Friday, July 8, 2016

Regret Election – Annoyed

The “regret election” is still with us (see blog of March 22). A “regret election” has voters choosing between not who they like the most, but who they have the least regret voting for. A comparison of the polling averages for Hillary Clinton’s and Donald Trump’s favorability ratings at mid-March with early July shows little movement from their high negative-to-positive ratios. Although they both have much higher negative than positive ratings, Clinton’s advantage is that she is viewed somewhat less unfavorably than Donald Trump.

She currently has a negative 15 percentage point difference between positive-to-negative and he has a negative 24 percent difference.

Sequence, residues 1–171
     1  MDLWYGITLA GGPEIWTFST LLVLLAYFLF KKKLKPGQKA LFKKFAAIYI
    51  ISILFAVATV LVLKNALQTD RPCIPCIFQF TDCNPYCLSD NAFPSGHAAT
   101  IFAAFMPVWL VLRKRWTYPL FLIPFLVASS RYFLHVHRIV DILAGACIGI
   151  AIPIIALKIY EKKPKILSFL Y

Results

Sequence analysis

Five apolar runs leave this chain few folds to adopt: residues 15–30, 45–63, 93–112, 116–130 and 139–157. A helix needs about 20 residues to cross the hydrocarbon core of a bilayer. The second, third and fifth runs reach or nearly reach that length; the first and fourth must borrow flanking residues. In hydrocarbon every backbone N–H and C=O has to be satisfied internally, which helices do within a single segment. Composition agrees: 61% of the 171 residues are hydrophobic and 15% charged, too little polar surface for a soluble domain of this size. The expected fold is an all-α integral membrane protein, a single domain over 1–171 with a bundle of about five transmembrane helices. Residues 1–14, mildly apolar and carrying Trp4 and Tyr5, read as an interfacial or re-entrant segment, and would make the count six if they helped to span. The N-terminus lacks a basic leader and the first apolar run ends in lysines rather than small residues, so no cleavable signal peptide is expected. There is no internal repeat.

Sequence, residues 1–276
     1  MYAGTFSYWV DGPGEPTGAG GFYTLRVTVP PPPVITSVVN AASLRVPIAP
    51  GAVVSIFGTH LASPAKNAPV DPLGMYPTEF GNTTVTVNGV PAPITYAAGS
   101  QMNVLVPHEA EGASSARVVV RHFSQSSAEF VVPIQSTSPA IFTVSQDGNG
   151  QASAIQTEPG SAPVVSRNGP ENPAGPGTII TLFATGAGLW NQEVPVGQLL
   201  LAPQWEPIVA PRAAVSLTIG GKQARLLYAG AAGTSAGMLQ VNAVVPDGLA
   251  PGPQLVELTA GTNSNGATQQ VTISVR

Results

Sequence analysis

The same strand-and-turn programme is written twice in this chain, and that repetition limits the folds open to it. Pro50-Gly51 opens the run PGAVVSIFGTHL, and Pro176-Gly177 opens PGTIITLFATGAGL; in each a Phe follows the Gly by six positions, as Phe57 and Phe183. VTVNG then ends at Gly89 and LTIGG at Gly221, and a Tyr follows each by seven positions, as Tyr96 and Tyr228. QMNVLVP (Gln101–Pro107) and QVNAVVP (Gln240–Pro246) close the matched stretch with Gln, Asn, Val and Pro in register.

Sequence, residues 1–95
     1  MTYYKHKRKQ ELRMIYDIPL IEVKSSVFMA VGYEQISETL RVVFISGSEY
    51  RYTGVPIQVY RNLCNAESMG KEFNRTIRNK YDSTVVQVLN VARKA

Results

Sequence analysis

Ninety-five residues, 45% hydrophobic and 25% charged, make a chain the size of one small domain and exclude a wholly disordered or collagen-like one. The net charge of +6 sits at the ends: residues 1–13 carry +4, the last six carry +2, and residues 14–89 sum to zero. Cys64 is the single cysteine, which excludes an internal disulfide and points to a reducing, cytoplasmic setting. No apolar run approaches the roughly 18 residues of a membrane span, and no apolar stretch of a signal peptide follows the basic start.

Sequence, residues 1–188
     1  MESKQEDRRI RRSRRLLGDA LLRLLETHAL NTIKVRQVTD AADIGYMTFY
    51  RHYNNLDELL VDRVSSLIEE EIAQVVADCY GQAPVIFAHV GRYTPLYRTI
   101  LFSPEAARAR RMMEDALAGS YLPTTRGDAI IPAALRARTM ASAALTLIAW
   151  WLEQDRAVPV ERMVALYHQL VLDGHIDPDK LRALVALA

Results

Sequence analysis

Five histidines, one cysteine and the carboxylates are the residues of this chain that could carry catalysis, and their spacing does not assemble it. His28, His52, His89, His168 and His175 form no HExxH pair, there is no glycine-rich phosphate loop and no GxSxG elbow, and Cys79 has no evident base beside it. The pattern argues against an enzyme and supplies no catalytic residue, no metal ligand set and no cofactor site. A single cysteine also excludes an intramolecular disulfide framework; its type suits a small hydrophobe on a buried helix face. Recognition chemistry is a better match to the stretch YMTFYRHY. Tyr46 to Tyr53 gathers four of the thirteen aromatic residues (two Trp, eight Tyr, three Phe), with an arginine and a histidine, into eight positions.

The latest USA Today/Suffolk University poll finds 61 percent of voters “alarmed” by the election. In the poll, Clinton’s unfavorable rating is 53 percent and Trump is 60 percent – an “alarming” choice for voters. It is, no doubt, helping to promote higher support for third-party candidates. Clinton is four points ahead of Trump, with 11 points going to third-party candidates, Gary Johnson (8% Libertarian) and Jill Stein (3% Green).

Also, polls from Gallup the last week confirm:
When asked what word or phrase comes to mine when thinking about Clinton or Trump, why they are poorly thought of by many is explained. For Clinton, although some people like her experience and competence, many more question her honesty and use terms, such as: “don’t trust her,” “dishonest,” “unethical,” “criminal” and “corrupt.” In terms of Trump, his positives, such as “strong leader,” “businessman” and “will turn things around” are more than weighed down by references to his being an “idiot,” “joke,” “an embarrassment,” his temperament “reckless,” “dangerous,” and “scary,” and his views “racist,” “bigoted,” “a hater” and “anti-women.”

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